Construction of School in Bungatira Sub County, Northern Uganda

October 1, 2007

The on-going peace talks between the LRA and the government of Uganda and the subsequent cessation of hostilities agreement contributed to the return of peace in northern Uganda. As a result most people in Northern Uganda were slowly returning back home in 2007. As people began to return home from Coope the camp members decided that the location of the new school would be more beneficial nearer their original homes. CCFU are working with the local community to support other schools that host large numbers of internally displaced children.

This funding provided for the construction of a school in Coope community for those originally displaced in Coope camp. The new school would ease congestion in existing school.

REI visited the project in early 2007 and met the community involved in running the project. It was clear that there was a need to improve overcrowding in the nearby schools and the problems of rising costs were evident. We met the local community committee who was responsible for overseeing the construction. They were also involved with other activities including Early childhood care and development, education support to schools, livelihood interventions and HIV/AIDS among others.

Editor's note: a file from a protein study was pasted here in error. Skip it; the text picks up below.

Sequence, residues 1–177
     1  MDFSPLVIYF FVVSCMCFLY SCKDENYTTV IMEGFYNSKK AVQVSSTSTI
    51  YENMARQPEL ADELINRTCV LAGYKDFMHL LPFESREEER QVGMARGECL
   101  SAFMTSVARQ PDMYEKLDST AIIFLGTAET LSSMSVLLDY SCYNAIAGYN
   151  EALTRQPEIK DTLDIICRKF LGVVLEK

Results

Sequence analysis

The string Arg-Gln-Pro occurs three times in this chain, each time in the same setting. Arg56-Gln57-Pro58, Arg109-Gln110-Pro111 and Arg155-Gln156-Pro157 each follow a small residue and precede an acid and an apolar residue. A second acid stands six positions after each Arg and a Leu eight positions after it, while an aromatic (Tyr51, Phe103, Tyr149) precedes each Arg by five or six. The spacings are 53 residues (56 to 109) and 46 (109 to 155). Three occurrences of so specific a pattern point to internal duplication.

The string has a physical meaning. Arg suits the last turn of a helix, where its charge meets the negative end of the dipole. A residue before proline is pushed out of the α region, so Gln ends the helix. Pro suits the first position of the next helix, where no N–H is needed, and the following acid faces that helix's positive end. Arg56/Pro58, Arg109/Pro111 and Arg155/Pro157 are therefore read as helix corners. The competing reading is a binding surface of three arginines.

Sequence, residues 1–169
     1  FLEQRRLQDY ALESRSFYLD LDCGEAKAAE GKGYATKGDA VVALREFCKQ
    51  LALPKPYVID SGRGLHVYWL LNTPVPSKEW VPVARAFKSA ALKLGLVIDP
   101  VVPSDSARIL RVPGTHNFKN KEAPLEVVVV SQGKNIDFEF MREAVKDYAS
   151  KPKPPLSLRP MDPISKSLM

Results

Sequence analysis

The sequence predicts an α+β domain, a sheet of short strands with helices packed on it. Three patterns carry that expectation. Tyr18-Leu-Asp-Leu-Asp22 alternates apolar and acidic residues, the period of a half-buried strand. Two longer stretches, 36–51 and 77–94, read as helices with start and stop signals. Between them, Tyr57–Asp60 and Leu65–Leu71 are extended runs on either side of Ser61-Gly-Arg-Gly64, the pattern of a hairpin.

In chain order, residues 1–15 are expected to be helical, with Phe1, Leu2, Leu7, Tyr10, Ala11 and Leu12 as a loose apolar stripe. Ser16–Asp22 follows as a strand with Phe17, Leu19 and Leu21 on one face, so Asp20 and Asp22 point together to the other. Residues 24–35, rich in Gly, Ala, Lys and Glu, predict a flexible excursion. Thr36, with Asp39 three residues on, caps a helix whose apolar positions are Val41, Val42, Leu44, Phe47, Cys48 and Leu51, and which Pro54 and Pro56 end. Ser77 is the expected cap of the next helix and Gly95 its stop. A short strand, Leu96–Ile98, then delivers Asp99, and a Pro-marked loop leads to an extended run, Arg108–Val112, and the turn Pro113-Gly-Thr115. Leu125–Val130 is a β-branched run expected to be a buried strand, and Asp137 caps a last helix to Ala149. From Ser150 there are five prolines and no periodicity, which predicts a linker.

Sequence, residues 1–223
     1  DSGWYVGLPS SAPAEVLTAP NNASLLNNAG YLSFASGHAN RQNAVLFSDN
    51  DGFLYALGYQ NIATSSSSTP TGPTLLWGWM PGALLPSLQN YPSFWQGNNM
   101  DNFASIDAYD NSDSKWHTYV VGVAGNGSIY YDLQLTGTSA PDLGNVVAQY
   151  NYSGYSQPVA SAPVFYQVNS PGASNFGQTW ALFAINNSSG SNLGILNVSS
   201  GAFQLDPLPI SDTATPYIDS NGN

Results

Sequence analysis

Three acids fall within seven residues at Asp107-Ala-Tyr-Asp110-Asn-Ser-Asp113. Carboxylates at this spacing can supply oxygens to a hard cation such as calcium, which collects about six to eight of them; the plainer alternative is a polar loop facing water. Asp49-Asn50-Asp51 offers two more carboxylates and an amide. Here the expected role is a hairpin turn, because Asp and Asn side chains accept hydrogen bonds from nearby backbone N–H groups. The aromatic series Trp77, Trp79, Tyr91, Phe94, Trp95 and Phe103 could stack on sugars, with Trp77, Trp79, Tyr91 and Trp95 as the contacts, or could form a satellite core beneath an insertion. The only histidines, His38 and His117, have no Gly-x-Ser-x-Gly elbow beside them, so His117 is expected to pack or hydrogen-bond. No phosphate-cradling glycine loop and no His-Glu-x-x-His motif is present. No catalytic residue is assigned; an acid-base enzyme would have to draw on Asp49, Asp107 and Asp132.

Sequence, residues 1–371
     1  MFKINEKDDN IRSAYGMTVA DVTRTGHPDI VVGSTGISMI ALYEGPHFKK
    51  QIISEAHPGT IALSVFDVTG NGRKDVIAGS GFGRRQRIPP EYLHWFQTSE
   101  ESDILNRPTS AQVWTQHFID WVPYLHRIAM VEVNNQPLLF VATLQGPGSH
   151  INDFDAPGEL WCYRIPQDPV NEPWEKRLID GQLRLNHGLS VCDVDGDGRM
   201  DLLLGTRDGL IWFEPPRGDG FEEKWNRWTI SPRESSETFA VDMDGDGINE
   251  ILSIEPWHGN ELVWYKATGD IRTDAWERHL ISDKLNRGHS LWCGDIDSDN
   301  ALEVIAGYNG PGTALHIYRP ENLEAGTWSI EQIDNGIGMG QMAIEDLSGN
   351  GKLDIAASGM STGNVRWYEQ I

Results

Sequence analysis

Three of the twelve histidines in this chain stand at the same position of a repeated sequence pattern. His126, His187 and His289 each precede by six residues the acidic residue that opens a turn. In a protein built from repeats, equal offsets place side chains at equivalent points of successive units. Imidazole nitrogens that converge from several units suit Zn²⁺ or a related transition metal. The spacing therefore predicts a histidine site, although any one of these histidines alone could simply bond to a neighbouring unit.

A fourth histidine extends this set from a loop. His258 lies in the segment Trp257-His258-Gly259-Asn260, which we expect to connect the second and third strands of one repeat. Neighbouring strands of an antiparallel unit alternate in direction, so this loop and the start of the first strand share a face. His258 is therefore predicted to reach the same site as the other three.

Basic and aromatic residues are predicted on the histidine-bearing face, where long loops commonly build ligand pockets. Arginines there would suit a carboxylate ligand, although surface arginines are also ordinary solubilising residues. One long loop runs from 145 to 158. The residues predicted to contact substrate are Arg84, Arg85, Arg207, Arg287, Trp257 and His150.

The project was implemented in partnership with various local stakeholders such as the community members of Bungatira Sub County, local leaders, children, the Gulu District Education Office, the Community Development Office, the District Engineer, the District Inspectorate of Health, and Punena Child and Family Program. The land was donated by the community, and materials such as bricks, stones and sand was obtained through the community. The workers were local, and the project therefore additionally supported the local economy through increasing people’s income and using local resources.

At the end of the project, 7 classrooms had been constructed and the schools had been handed to the District Education Office who was supervising the management of the school. Three classes opened the first year, allowing 136 (78 boys, 58 girls) children to attend school. 5 more teachers have been hired and more classes will therefore open next year. Latrines and a playground was also constructed.

The shorter distance to the school make the children safer as the risk of being abused or abducted is greatly reduced.